EC moves to end judicial reform, anti-corruption monitoring mechanism for Romania

The European Commission (EC) said on November 22 that it would no longer monitor or report on Romania under the Cooperation and Verification Mechanism (CVM), but monitoring will continue within the annual rule of law cycle.

Reporting will be consolidated in the Commission’s annual Rule of Law Report, as for all EU countries, the EC said.

The CVM was put in place for Bulgaria and Romania when they joined the EU in 2007, as a means to bring the two countries up to EU standards in judicial practice and fighting corruption. The EC recommended in 2019 ending the CVM for Bulgaria, though the process of finalising the decision has not completed all its stages.

The EC adopted on November 22 the adopted the latest report on steps taken by Romania to meet its commitments on judicial reform and the fight against corruption under the CVM.

The report takes stock of progress made on the outstanding recommendations and the fulfilment of the CVM benchmarks since the June 2021 CVM report.

“The report positively notes Romania’s significant efforts to implement all these recommendations through new legislation, policies, and tools to strengthen the judiciary and combat corruption,” the EC said.

The Commission concluded that the progress made by Romania is sufficient to meet the CVM commitments made at the time of its accession to the EU and that all benchmarks can be satisfactorily closed.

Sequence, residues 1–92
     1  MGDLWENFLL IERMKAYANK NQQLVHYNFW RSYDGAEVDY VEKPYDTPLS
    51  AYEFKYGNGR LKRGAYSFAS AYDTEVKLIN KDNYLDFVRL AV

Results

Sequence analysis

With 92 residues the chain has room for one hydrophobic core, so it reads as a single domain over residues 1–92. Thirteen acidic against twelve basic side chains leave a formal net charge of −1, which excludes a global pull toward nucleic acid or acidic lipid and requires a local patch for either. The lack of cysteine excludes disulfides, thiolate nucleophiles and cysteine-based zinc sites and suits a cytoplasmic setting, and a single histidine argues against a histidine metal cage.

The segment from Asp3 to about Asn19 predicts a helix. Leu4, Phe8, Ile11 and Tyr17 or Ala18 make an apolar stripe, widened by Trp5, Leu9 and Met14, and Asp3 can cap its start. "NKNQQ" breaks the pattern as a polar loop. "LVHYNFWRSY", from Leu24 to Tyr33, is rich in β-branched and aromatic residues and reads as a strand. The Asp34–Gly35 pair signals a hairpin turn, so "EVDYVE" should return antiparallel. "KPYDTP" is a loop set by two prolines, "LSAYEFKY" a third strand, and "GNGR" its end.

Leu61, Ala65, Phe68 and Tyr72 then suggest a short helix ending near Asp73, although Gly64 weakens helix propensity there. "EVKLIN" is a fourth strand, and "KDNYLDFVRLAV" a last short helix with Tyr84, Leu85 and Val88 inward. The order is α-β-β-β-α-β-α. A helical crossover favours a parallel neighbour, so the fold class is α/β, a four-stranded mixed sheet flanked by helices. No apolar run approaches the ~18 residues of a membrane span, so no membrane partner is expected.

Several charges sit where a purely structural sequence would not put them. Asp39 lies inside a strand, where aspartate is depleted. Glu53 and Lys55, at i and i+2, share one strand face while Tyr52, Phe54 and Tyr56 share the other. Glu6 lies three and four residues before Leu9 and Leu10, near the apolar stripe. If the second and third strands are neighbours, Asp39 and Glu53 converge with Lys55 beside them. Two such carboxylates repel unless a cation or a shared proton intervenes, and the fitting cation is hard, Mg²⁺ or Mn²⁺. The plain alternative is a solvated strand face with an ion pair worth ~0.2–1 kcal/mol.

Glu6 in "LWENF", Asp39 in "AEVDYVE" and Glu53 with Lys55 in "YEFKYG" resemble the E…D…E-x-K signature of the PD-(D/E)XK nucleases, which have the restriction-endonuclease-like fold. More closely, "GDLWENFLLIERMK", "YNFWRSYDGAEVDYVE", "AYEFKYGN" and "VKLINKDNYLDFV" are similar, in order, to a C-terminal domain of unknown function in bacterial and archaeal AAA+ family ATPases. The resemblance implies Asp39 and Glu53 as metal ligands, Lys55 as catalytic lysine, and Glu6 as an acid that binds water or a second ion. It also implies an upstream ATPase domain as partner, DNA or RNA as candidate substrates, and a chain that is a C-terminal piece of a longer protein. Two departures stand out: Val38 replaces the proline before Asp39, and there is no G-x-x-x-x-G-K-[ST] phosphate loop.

The assessment also takes account of the developing landscape for the rule of law in the EU, and in particular Romania’s full engagement in the rule of law report cycle, the EC said.

“The effective implementation of Romania’s commitments and the continuation of the positive pace of reforms will ensure that progress made is sustainable and irreversible, allowing for the CVM to be successfully closed,” the EC said.

“Before reaching a final decision, the Commission will consider the observations of the Council, as well as of the European Parliament. The Commission will revert to this issue in the case of both Bulgaria and Romania in the coming months,” it said.

(Photo: Axente Ovidiu/

Please support The Sofia Globe’s independent journalism by clicking on the orange button below. For as little as three euro a month or the equivalent in other currencies, you can support The Sofia Globe via

Become a Patron!

The Sofia Globe staff

The Sofia Globe - the Sofia-based fully independent English-language news and features website, covering Bulgaria, the Balkans and the EU. Sign up to subscribe to's daily bulletin through the form on our homepage.